It’s taken me a little while to process this race. I had such mixed feelings about the results.
- I was happy that I managed to PR, but disappointed that I fell short on my goal of breaking two hours.
- I was frustrated that my Garmin and several other people’s Garmins recorded the course being an extra .4 to .6 in length. That’s a lot of extra course.
- I loved running on a flat course that had a decent amount of shade.
- And I’m eternally grateful to the guy in the bright yellow shirt who saw me really struggling at mile 13 and gave me some encouragement and told me to run the rest of the way with him.
Everything started well with the race. There were plenty of porta-potties, proving race directors do listen when you fill out the post-race surveys. I managed to find my corral and after hopping the fence to get in, I made friends pretty quickly.
I met two guys who were also hoping to run the race in less than two hours. We planned to stick together and see what we could do.
We lost the first guy pretty quickly, he sped right past us, but me and the other guy hung together until mile 6 or 7. It was nice to have someone to run with even though we didn’t chat a ton.
We lost each other at some point after that. I was mentally struggling. Looking at my Garmin and seeing that it was almost half a mile ahead of what the course said was really disheartening. I’d see 8.5 but the course said I was at 8.
No one I talked to at the end knew if it was an issue with our Garmins not picking up/holding a strong signal in the city or if the course was really measured that poorly.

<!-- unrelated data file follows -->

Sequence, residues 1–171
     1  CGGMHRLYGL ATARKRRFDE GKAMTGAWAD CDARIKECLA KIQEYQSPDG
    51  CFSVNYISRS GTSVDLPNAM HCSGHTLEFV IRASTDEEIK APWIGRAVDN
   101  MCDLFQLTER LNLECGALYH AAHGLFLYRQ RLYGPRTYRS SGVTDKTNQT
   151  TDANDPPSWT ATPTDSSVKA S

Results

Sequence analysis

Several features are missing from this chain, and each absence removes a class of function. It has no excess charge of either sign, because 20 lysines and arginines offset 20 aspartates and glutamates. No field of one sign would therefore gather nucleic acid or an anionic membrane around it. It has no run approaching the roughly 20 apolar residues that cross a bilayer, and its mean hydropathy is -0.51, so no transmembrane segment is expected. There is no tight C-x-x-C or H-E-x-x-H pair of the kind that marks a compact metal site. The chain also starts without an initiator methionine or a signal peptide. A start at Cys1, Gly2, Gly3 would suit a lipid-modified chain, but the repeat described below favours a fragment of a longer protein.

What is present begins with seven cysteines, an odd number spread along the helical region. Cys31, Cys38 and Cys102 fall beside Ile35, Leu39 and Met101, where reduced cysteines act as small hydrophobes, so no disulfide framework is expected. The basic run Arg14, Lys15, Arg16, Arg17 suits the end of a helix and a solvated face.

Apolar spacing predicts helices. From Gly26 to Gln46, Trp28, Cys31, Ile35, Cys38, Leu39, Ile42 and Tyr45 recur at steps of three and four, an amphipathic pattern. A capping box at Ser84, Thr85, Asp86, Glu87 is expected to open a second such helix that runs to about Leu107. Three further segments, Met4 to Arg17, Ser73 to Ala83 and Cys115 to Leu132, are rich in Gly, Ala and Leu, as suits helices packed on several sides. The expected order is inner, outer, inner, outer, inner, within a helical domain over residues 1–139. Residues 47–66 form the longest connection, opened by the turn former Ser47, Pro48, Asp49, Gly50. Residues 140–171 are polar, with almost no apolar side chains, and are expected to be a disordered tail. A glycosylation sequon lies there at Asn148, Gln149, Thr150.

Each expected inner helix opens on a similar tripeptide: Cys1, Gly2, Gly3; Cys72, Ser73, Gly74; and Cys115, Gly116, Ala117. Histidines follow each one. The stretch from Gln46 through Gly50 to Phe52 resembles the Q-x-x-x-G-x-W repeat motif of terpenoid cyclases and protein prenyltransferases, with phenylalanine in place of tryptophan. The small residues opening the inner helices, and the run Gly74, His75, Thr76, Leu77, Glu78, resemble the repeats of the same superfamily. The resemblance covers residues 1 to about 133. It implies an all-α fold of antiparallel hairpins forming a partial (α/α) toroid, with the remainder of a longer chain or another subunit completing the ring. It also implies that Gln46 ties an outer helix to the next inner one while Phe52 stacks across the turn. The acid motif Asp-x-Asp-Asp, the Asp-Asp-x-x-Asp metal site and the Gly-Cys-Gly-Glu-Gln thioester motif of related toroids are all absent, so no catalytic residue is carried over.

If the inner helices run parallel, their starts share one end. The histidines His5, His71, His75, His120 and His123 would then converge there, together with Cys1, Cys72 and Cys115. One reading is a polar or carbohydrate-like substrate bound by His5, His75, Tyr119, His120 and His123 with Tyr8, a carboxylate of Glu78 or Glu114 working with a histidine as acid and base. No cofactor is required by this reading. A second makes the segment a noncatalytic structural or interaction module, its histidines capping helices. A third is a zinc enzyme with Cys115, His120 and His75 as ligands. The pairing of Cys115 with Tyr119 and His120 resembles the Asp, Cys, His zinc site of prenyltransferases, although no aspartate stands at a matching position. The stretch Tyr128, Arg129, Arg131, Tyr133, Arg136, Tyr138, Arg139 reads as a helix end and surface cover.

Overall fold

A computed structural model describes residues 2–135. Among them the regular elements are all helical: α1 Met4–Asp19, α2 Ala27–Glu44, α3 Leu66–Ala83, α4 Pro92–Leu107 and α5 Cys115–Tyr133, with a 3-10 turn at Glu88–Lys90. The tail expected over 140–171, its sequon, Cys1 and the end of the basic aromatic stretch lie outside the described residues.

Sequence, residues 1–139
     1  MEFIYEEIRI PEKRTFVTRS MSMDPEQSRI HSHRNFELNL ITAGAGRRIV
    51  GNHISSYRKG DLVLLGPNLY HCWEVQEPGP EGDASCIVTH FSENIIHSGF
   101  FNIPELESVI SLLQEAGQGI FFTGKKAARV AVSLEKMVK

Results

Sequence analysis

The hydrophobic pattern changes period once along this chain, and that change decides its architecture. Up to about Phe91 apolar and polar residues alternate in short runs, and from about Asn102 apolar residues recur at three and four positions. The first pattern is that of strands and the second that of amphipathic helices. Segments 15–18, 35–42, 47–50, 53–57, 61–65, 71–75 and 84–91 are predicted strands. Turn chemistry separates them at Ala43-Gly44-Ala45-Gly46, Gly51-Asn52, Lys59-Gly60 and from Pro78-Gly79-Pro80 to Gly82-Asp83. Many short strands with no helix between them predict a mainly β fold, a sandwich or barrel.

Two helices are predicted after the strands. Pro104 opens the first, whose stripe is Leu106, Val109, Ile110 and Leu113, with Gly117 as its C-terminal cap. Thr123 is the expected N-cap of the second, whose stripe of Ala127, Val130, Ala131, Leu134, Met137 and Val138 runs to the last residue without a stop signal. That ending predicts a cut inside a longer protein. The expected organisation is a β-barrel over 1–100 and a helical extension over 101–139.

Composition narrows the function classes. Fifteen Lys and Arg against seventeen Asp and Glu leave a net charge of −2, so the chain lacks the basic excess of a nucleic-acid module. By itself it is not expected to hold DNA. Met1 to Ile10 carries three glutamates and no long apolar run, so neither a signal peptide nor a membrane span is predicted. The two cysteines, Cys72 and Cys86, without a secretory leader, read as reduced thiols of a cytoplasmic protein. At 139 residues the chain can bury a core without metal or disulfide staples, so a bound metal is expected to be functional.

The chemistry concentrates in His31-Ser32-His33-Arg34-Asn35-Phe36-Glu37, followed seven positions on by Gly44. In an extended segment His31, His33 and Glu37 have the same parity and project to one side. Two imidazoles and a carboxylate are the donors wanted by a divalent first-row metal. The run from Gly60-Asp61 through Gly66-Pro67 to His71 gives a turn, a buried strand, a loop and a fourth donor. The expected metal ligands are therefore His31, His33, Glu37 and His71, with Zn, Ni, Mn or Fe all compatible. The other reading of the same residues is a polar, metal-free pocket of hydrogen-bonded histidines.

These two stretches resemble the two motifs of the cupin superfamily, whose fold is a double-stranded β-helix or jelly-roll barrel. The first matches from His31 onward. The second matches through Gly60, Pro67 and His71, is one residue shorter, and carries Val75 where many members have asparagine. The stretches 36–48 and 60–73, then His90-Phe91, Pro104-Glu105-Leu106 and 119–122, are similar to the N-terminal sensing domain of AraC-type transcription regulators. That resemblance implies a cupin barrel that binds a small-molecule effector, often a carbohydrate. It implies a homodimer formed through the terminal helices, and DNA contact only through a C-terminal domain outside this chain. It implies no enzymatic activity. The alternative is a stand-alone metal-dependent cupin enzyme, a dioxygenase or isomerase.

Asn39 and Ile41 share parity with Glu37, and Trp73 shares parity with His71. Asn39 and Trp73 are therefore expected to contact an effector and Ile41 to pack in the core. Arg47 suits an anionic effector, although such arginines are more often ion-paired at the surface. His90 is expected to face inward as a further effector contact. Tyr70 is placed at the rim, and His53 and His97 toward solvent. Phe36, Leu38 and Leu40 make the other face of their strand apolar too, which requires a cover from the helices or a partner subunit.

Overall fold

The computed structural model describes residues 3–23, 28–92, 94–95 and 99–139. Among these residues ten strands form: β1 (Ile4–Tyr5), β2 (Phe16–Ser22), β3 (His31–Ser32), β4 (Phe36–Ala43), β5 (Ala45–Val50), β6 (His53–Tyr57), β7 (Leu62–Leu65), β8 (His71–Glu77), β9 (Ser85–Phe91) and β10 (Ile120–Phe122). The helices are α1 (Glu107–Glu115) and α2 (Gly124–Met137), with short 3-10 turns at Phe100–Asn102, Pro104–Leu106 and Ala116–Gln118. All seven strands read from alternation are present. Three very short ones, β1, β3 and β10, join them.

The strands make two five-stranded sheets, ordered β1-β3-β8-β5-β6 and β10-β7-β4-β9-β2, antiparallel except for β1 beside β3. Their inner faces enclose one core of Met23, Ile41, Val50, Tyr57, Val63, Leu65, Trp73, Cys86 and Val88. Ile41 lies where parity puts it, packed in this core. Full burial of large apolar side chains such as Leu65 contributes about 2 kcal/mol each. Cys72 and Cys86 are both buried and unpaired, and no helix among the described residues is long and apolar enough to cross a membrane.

I debated at points turning it off or making the screen only show total time, but just didn’t have the energy to fiddle with it while running.
Near mile 11 I ripped off my pace band. It was equally disheartening seeing my hopes of finishing in under two hours slowly slip away.
I walked a lot in those last two miles. The sun was beating on me and I just felt so defeated. The course ended on an uphill and I was hurting. I was ready to stop and walk and this guy in a bright yellow shirt saw me about to stop and was like “No, come on!”
That little bit of encouragement got me through. I got over the hill and crossed the finished line and set a new PR. So thanks to the guy in the yellow shirt.
I should have been thrilled. I shaved more than five minutes off my PR finishing in 2:07:45. But I kind of just wanted to cry.
A day later, I have a little bit better perspective on the whole situation. I set a new PR. I broke 2:10. I’m spitting distance from break 2:05.
Breaking two hours will come with time. I know that and I’ll get there eventually.
On another positive note, major props to my mom who finished the race this weekend too. She was expecting to mainly walk with a little bit of running because she was having problems with her Achilles. She estimated she’d finish in about three hours. Well she killed that time and set a PR of 2:31:51.
Here we are at the finish line with our medals!
And thanks to my Dad for being our race support: Driving us down to Philly at 5 a.m., holding all of our gear and waiting around for hours for us to race. Thanks Dad! You rock!